There is nothing more frustrating than traveling across the world only to have a layover in a country you can’t even pronounce. The solution? Skip the refueling and jump onboard an ultra long-haul flight. But these journeys are not without issues, several of which need to be solved before they become commonplace.
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What are ultra long-haul flights?
So far in the world, there are only a few flights that are considered ‘ultra-long-haul’, the big daddies of which are:
Singapore to New York, Auckland to Qatar, Perth to London, Sydney to Dallas. These routes are all over 16 hours long and generally command a 20% premium.
Qantas and Singapore have proven that these flights are more than lucrative. The Qantas Perth to London direct link, saving around 4-5 hours compared to routes through Dubai or Singapore, has a load factor of 94%. Even when the price of the route is a good few hundred dollars more. That means nearly every plane is loaded up.
But this long-distance travel is not without its own problems.
What aircraft to use?
Believe it or not, ambitious airlines are currently limited by range restrictions. They want to connect two destinations, but can’t actually find an aircraft up for the job. Here are the top five aircraft based on the range available in the world today.
- Airbus A380 at 14,800 km / 8,000 nmi
- Airbus A350-1000 with a range of 16,100 km (8,700 nmi).
- A340-500, with 16,670km (9,000nmi)
- Boeing 777-200LR with a range of 17,395km (9,395nmi).
- Airbus A350-900ULR (which stands for Ultra Long Range) at 18,000 km (9,700 nmi).
Thus airlines who want to plan a route that is beyond these ranges, like Qantas who wants to fly Sydney to London direct, are asking aerospace companies like Boeing and Airbus to build specially designed aircraft for the journey.
Thus far Airbus has pitched the Airbus A350-1000 and Boeing with their concept long-range aircraft the 777-8.
There are two choices; to use our earlier examples, we either go the Singapore way or the Qantas way.
Singapore, who operates their Singapore to New York route with an A350-900 ultra long-range (ULR), has opted to abandon the economy cabin entirely. It has a large business class section and a premium economy cabin instead. This added legroom and comfort means that it is far more palatable than anything the competition can offer.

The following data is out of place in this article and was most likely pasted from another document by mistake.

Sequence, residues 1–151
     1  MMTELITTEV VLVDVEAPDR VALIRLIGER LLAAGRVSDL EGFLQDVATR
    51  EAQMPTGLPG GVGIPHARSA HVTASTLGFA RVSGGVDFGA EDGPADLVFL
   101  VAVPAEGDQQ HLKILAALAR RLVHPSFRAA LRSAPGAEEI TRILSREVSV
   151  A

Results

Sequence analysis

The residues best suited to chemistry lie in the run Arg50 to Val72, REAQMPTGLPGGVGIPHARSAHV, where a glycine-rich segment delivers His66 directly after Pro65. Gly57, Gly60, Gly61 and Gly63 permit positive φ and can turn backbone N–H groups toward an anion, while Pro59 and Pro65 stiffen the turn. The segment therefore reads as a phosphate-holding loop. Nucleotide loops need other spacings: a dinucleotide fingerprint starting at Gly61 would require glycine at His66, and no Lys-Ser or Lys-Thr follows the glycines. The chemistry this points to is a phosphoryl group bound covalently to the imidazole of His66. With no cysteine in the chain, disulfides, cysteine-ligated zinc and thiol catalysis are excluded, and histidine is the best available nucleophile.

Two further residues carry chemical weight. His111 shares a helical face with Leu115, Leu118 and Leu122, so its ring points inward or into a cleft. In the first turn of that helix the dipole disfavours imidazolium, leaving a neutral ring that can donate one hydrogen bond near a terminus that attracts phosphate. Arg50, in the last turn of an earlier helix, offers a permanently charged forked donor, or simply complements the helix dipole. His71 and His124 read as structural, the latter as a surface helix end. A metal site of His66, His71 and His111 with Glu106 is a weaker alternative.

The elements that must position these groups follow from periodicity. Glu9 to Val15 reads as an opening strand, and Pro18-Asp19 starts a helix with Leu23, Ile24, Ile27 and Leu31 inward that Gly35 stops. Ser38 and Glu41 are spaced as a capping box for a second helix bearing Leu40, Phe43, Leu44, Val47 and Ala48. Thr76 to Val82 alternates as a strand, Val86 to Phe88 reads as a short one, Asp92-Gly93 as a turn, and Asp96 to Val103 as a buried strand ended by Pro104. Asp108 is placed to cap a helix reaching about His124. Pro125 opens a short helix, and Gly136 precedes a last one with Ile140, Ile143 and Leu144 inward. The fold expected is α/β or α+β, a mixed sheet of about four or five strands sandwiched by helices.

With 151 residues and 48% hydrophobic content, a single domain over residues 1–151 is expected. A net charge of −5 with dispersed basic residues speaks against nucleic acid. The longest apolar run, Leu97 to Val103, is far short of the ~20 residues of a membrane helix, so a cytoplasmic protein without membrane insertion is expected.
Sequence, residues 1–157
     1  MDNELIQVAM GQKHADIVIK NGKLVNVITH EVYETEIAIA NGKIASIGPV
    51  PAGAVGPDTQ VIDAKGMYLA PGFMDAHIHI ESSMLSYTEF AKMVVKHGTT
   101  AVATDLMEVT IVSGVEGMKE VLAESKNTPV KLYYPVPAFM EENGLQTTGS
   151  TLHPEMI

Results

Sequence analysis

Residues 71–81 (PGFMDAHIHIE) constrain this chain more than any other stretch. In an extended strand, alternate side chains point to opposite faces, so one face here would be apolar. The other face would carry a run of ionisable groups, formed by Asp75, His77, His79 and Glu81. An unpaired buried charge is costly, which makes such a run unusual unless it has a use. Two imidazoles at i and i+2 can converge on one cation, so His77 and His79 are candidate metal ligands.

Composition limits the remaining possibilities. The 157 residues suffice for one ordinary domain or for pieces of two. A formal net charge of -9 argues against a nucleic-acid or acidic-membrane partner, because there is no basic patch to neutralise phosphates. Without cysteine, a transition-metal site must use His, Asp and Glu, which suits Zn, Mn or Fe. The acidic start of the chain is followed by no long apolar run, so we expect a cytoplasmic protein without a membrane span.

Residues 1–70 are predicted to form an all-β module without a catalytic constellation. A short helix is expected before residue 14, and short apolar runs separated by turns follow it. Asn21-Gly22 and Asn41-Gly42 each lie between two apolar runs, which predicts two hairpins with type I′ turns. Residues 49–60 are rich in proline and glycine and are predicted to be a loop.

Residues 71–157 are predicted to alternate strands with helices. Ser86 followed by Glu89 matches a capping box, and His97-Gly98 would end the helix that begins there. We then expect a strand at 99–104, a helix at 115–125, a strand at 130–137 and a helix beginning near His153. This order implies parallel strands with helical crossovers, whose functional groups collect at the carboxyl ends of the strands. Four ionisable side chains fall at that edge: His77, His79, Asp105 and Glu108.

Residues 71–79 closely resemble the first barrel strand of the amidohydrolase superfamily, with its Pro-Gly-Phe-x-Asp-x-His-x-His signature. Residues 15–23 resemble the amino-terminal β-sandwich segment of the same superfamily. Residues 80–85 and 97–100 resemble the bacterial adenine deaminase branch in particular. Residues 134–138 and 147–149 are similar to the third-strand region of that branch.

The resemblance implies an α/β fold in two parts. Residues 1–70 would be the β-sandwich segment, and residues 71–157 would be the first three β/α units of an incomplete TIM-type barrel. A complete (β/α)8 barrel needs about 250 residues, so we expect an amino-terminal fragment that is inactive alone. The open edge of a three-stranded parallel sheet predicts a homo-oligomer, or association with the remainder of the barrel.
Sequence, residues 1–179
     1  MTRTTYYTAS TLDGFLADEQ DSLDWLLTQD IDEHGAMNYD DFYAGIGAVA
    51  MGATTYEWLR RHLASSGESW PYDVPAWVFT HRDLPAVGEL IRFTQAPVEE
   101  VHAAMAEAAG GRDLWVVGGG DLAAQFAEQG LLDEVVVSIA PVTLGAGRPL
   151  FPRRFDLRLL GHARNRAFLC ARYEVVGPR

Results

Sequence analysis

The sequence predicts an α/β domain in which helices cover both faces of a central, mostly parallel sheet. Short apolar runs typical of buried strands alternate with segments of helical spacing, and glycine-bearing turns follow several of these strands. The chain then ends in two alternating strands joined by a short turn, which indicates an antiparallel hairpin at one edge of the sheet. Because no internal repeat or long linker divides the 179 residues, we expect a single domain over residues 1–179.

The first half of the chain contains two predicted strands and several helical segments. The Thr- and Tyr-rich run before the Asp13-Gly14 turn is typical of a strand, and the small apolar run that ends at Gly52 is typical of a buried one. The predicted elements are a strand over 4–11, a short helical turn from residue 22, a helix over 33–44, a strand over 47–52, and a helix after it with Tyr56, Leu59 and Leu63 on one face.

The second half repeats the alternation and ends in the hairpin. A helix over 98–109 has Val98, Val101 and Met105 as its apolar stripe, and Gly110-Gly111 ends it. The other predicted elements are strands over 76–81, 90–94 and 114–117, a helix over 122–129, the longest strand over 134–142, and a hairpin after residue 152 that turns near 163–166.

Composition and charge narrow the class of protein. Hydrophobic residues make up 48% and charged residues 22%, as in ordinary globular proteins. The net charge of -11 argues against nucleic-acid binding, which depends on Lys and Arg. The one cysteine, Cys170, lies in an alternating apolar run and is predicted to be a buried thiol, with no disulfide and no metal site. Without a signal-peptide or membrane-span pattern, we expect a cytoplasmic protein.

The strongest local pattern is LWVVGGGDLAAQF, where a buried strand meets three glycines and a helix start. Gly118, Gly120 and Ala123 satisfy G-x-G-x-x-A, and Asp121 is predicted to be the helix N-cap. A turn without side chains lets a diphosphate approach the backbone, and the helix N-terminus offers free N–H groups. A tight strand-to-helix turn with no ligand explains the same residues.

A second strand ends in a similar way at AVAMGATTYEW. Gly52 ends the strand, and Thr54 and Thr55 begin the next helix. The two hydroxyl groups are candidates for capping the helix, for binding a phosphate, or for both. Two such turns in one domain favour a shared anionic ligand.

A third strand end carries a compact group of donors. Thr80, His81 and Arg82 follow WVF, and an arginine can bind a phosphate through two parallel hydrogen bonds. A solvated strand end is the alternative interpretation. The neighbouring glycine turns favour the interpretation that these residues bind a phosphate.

Qantas operates a Boeing 787 Dreamliner between Perth and London in a normal configuration. This means that it has 166 seats of regular economy with only 32 inches of room for 16 hours. And as we mentioned before, the airline has been very successful proving that passengers prefer time saved over comfort.
How to schedule crew?
Take the proposed Project Sunrise by Qantas, to fly from London to Sydney direct. At an estimated length of over 17,000kms, it will take just over 19 hours gate to gate to complete. Needless to say, manning an aircraft like that will require multiple crews, something that needs to be accounted for in the pay and how to schedule them.
It is for this reason that Qantas recently completed a test flight with a Boeing 787-9, with only forty passengers on board, to understand how to roster crew, rotate pilots, and more.
Plus, they also measured how to keep passengers happy, tracking everything from entertainment usage to mealtimes across the entire journey. After all how many movies can you really watch on one journey?
All these issues need to be figured out before tickets can even go on sale. But that won’t stop the dawn of the generation of ultra long-haul flights
Will you be jumping onboard one of these ultra-long-range journeys? Let us know in the comments.